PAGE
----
By Max Olin
On April 4 some seniors and I, under the name “Concerned Students for Policy Change,” put up two posters all around campus. One of the posters said “Beloit College doesn’t care if you say the word nigger on campus” and the other said “nigger.” What was interesting was how two different demographics responded to the posters.
The “Beloit College doesn’t care…” poster drew the attention of the college’s administrators while the student body focused on the n-word poster. A number of students had not seen the “Beloit College doesn’t care…” poster and judged our entire movement solely by the n-word poster. Students proceeded to question the productivity of trying to advance our movement by using the n-word poster.
We were pleased to be making progress with the administration, but we were a little disappointed at aspects of the students’ initial response. Instead of focusing on the content of our actions, some students were hung up on the shock value methodology that we had decided to use. They were unable to transcend their initial feelings of discomfort. The argument that there was no context to our signs and that, in general, people would agree with us without needing to be inflammatory were valid criticisms. So, in recognizing these criticisms, we agreed to give students more context by posting a “press release” via stuboard on Tuesday, April 5.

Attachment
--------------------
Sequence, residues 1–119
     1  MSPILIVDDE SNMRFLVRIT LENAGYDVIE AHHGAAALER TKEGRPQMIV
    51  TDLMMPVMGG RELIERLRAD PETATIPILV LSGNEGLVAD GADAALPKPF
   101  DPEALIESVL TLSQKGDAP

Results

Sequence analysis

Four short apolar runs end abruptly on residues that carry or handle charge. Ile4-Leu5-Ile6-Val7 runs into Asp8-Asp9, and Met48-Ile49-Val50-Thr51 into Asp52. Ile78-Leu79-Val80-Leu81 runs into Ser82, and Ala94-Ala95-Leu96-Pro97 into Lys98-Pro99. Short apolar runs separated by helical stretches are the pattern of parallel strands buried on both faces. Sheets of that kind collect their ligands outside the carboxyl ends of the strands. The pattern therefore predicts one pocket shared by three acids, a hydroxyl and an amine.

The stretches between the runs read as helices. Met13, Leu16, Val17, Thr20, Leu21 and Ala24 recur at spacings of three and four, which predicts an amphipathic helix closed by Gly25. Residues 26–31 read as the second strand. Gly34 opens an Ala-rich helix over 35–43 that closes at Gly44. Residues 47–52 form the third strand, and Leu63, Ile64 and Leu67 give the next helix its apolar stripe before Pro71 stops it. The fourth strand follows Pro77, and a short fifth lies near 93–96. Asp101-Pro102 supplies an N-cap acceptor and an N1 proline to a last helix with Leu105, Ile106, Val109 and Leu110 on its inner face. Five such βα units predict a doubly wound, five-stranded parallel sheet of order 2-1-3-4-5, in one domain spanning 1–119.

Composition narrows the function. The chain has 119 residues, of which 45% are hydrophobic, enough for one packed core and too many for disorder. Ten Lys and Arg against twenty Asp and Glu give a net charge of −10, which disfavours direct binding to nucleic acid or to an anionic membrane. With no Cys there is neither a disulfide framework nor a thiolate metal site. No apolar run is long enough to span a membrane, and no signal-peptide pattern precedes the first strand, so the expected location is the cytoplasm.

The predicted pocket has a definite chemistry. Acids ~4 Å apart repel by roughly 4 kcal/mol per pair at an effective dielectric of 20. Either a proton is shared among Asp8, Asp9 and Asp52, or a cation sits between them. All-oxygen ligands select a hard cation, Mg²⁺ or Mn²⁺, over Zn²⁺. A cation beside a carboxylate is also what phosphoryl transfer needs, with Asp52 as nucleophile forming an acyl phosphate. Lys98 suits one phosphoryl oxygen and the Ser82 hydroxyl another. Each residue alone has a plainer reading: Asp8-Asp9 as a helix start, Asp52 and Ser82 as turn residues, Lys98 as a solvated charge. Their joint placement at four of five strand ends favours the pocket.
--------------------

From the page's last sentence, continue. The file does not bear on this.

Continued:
However, this accommodation to the aforementioned criticisms went unnoticed since students continued to take down our new signs on April 6. These new signs had students’ testimonials written on them describing situations in which they had experienced hate speech. Our question now is: are we being targeted because of the tactics we have employed, or are people actually opposed to policies creating closure to incidents of hate speech?
While we are glad that people are talking about hate speech, we are fearful that some students are distracting others through suggesting tangents to the larger campus conversation. If you want to be a true member of our movement, then join our efforts and be part of the change. Critiquing from the sidelines will not help build a strong coalition for policy change.
What we as a campus need to focus on is that we cannot consider ourselves an institute of inclusive excellence if acts of exclusive dissonance continue to happen. The college needs to take a stand against hate speech. Students need to develop the maturity and skills to self-regulate social situations in which hate speech arises. The main problem at heart here is that there is no structural support from the college and no cultural support from the students to effectively combat racist, homophobic, and discriminatory actions. Forget about the methodology; that was a tool to get your attention. Now, we want you to rally with us to solve this central problem. We have the power to change as long as we stay focused and put aside the trivial details.